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FIRST RUN

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  • hdrk801
    I ve recently completed my first run distilling 25L of 14% sugar wash. I m using a an AUSTENITIC Design still. I ve collected about 3.5L of initially 90%
    Message 1 of 5 , Mar 1 12:24 PM
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      I've recently completed my first run distilling 25L of 14% sugar wash.
      I'm using a an AUSTENITIC Design still. I've collected about 3.5L of initially 90% alcohol. I collected between 78C and 90C. Toward the end of the run the last 1.5 L became a little milky which I believe is a result of the "tails". I was able to filter this through activated characoal and it removed the milkiness and is now clear but I can see clear "swirls" through the liquid. The taste and smell do not seem to be objectionable at least to me.

      So. Is this portion of the run usable for spirits or should I discard or put it in my next batch to redistill?

      Thanks for help
    • Derek Hamlet
      I wouldn t discard at all. However, I have a couple of questions. For a sugar wash you are aiming for that output between 78-82C. Above that you are into
      Message 2 of 5 , Mar 1 2:22 PM
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        I wouldn't discard at all.
        However, I have a couple of questions. For a sugar wash you are
        aiming for that output between 78-82C. Above that you are into tails
        and given that you must be refluxing rather than potstilling, the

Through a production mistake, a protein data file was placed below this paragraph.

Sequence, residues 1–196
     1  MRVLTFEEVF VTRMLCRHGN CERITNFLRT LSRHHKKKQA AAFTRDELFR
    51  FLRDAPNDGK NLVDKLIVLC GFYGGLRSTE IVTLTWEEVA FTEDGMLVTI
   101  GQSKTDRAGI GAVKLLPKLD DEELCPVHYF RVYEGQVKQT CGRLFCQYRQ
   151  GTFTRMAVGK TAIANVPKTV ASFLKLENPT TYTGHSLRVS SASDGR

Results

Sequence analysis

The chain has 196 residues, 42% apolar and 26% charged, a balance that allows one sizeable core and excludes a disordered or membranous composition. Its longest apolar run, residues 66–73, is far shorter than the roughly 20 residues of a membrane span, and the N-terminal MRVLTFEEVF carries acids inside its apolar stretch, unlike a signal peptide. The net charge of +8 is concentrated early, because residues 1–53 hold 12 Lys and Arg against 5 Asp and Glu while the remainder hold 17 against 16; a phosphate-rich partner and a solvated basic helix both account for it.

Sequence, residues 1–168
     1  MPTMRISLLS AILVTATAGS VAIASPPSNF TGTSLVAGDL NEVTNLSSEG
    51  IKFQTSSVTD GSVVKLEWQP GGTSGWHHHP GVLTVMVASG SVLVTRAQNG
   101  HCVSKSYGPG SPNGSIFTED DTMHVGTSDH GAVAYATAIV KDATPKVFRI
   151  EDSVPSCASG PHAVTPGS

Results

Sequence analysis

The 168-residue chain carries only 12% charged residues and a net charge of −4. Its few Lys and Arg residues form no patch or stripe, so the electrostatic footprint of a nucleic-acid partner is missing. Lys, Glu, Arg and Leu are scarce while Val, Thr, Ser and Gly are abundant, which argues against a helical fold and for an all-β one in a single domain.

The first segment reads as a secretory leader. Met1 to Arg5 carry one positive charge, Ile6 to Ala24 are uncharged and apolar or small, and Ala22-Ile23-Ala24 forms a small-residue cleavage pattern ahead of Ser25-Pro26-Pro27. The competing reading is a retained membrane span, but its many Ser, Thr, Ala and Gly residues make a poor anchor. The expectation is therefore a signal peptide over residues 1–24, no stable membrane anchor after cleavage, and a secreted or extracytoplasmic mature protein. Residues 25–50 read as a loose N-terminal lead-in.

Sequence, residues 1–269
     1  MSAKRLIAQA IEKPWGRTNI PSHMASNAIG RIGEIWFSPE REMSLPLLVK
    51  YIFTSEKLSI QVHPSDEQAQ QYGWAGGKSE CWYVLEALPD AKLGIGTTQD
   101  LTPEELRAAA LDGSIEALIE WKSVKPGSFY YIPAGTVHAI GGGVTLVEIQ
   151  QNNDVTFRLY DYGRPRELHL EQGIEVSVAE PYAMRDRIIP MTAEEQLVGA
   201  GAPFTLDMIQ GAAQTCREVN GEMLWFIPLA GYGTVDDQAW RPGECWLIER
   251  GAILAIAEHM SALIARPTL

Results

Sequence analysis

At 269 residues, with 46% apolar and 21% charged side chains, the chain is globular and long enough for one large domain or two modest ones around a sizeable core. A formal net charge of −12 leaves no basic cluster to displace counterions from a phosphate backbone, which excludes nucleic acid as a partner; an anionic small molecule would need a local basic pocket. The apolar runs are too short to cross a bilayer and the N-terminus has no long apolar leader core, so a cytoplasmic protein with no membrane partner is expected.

flavors in the tails will not be of interest.
        My question is: Did you make cuts. To be on the safeside the first
        150-300cc should be thrown away to avoid getting any methyl spirits
        in your product. Then collect. As it approaches 82C you may wish to
        collect in smaller amounts. That way if you suddenly notice
        cloudy/bad tasting stuff, you can toss it or keep for future runs.
        At 12:24 PM 3/1/2011, you wrote:
        >
        >
        >I've recently completed my first run distilling 25L of 14% sugar wash.
        >I'm using a an AUSTENITIC Design still. I've collected about 3.5L of
        >initially 90% alcohol. I collected between 78C and 90C. Toward the
        >end of the run the last 1.5 L became a little milky

        Derek
      • hdrk801
        I did discard the first 250ml but then continued to distill up to 90 degrees. I think I misunderstood the section of Home DIstilling under Distilling heading
        Message 3 of 5 , Mar 1 3:17 PM
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          I did discard the first 250ml but then continued to distill up to 90 degrees. I think I misunderstood the section of Home DIstilling under Distilling heading and "When to Finish." It says to stop when the temp gets to 90-92 degrees. I collected roughly in thirds and it was the last third that was milky. I guess I should not have bothered filtering it through carbon and should have just saved in to redistill in the next batch.

          --- In new_distillers@yahoogroups.com, Derek Hamlet <derekhamlet@...> wrote:
          >
          > I wouldn't discard at all.
          > However, I have a couple of questions. For a sugar wash you are
          > aiming for that output between 78-82C. Above that you are into tails
          > and given that you must be refluxing rather than potstilling, the
          > flavors in the tails will not be of interest.
          > My question is: Did you make cuts. To be on the safeside the first
          > 150-300cc should be thrown away to avoid getting any methyl spirits
          > in your product. Then collect. As it approaches 82C you may wish to
          > collect in smaller amounts. That way if you suddenly notice
          > cloudy/bad tasting stuff, you can toss it or keep for future runs.